Hyundai Mobis uses hydrogen fuel cells for power generation

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By Nam Hyun-woo –  Korea Times

Hyundai Mobis has set up a power generation system using hydrogen fuel cells from the Nexo hydrogen car, the company said Wednesday, adding it plans to commercialize the system in the near future.

According to the parts unit of Hyundai Motor Group, it started operating a hydrogen power generation system at its hydrogen fuel cell plant in Chungju, North Chungcheong Province.

The system, which connects five fuel cell for the Nexo in parallel, can produce up to 450 kilowatts of electricity, which accounts for 7 percent of the power required for the entire plant.

Hyundai Mobis said it will use the hydrogen-to-electricity system as a backup generator for contingencies or power shortages.

Since the system connects fuel cells from the hydrogen car in parallel, its maximum capacity can be increased by adding more fuel cells. Also, it is cleaner and makes less noise than other types of power generators, the company said.

Hyundai Mobis plans to set up the fuel cell power generator in its other plants in Korea and abroad.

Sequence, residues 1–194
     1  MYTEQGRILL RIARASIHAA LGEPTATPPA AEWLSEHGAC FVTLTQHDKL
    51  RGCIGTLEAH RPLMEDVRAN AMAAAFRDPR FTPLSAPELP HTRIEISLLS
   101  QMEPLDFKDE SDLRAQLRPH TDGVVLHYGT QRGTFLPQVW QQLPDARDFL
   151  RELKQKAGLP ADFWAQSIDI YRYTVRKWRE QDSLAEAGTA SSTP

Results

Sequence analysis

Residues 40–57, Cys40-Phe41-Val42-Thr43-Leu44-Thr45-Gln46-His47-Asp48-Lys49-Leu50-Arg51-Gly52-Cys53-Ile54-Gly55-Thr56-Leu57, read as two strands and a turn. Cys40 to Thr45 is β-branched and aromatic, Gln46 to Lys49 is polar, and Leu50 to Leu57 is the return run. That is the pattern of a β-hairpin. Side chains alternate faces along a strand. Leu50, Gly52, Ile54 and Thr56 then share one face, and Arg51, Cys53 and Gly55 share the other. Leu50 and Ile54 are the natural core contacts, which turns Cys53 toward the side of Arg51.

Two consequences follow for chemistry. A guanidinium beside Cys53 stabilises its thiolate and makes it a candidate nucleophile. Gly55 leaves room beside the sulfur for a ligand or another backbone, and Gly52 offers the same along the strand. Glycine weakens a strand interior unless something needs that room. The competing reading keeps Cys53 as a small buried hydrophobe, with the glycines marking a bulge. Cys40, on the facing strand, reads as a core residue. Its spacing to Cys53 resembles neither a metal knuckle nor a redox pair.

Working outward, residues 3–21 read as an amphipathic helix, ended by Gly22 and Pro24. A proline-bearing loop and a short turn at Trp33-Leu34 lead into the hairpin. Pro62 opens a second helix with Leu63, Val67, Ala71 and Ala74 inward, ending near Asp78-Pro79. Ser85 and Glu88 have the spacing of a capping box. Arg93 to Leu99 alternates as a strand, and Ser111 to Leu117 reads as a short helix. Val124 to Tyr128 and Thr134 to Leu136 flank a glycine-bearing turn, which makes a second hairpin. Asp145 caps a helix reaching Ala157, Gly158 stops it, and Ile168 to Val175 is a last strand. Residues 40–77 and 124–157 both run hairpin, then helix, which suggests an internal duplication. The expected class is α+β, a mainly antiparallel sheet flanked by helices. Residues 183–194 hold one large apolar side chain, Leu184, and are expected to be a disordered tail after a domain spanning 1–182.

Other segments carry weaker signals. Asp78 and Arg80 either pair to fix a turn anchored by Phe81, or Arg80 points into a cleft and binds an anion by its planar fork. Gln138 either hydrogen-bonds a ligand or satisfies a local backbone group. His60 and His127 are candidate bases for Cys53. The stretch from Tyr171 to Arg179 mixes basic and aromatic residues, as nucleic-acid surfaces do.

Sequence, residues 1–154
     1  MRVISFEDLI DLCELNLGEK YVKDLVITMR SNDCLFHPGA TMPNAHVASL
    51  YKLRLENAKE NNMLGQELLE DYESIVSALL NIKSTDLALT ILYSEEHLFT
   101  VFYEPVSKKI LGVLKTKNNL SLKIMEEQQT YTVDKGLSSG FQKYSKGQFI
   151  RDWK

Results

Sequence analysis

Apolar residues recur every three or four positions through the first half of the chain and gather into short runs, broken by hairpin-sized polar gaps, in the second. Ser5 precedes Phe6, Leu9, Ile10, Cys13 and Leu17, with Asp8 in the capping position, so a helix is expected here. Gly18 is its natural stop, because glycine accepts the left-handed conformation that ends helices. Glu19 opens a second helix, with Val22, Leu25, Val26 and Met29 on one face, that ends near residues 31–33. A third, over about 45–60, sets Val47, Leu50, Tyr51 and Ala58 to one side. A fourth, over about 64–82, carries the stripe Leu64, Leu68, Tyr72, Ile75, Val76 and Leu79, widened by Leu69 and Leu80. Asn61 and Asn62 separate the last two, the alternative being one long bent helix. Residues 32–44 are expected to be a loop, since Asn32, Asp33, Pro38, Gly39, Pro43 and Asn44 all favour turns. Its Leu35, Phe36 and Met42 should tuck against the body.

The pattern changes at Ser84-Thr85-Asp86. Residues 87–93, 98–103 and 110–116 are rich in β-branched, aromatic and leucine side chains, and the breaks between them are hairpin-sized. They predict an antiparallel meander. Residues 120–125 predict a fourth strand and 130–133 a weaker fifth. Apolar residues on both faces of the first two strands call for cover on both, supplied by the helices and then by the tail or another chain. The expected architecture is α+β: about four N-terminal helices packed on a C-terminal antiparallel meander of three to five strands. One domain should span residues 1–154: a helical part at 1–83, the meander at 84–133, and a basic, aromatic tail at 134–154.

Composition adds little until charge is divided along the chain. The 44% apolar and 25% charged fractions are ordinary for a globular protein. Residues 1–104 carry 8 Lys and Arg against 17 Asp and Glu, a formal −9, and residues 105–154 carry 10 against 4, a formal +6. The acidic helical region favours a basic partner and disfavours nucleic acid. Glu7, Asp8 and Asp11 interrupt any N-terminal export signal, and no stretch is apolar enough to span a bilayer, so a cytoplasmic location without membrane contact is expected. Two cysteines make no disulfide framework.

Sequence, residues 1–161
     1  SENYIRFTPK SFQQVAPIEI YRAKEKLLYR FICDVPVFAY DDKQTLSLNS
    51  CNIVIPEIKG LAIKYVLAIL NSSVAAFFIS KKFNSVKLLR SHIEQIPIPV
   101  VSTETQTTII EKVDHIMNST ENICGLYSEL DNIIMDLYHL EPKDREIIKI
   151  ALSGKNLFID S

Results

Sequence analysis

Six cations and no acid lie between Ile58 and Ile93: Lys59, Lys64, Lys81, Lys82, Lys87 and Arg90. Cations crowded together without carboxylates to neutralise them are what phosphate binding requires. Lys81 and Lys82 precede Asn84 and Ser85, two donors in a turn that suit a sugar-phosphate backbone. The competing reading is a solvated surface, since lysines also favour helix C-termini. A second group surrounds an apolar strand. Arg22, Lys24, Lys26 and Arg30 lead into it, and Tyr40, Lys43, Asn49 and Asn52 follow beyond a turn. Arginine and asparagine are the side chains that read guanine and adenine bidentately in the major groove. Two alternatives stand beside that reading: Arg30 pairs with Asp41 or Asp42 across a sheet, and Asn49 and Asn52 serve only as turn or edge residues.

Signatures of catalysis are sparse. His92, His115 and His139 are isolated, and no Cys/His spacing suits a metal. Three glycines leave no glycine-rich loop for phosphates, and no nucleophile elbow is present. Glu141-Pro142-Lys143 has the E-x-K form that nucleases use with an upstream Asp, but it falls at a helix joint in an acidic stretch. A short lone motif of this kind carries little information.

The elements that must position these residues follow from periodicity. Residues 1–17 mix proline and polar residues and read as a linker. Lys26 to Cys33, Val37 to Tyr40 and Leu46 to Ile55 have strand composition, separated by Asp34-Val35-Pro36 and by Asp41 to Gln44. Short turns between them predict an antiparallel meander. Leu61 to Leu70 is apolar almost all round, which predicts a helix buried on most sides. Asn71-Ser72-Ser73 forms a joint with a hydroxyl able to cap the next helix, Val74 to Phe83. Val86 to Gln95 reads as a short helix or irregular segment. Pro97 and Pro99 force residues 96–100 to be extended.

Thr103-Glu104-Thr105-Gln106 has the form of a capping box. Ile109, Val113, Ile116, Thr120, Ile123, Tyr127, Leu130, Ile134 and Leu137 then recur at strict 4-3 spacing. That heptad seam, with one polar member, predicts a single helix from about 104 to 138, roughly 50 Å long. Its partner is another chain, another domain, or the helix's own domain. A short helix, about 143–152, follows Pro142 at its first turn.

“Its cost remains high because of insufficient infrastructure for hydrogen supply, but will become more affordable when the infrastructure is fully equipped,” a Hyundai Mobis official said, adding that the company will commercialize the system depending on the feasibility of the prototype at the Chungju plant.

Last year, Hyundai Mobis broke ground for a second hydrogen fuel cell plant in Chungju, which will be capable of producing fuel cells for 3,000 fuel cell electric vehicles (FCEVs) in a year. This will help Hyundai Mobis to produce fuel cells for 40,000 cars in 2022, which is 13 times higher than its current output.

Hyundai Motor Group plans to produce fuel cells covering 700,000 FCEVs by 2030 and use them for 500,000 hydrogen cars and other types of transportation including ships and trains.

“The fuel cell power generator shows that hydrogen fuel cells can be applied to various fields such as power generation, train, ship, drones and construction vehicles,” another Hyundai Mobis official said. “It will work as the first step toward a hydrogen economy.”

 

 

 

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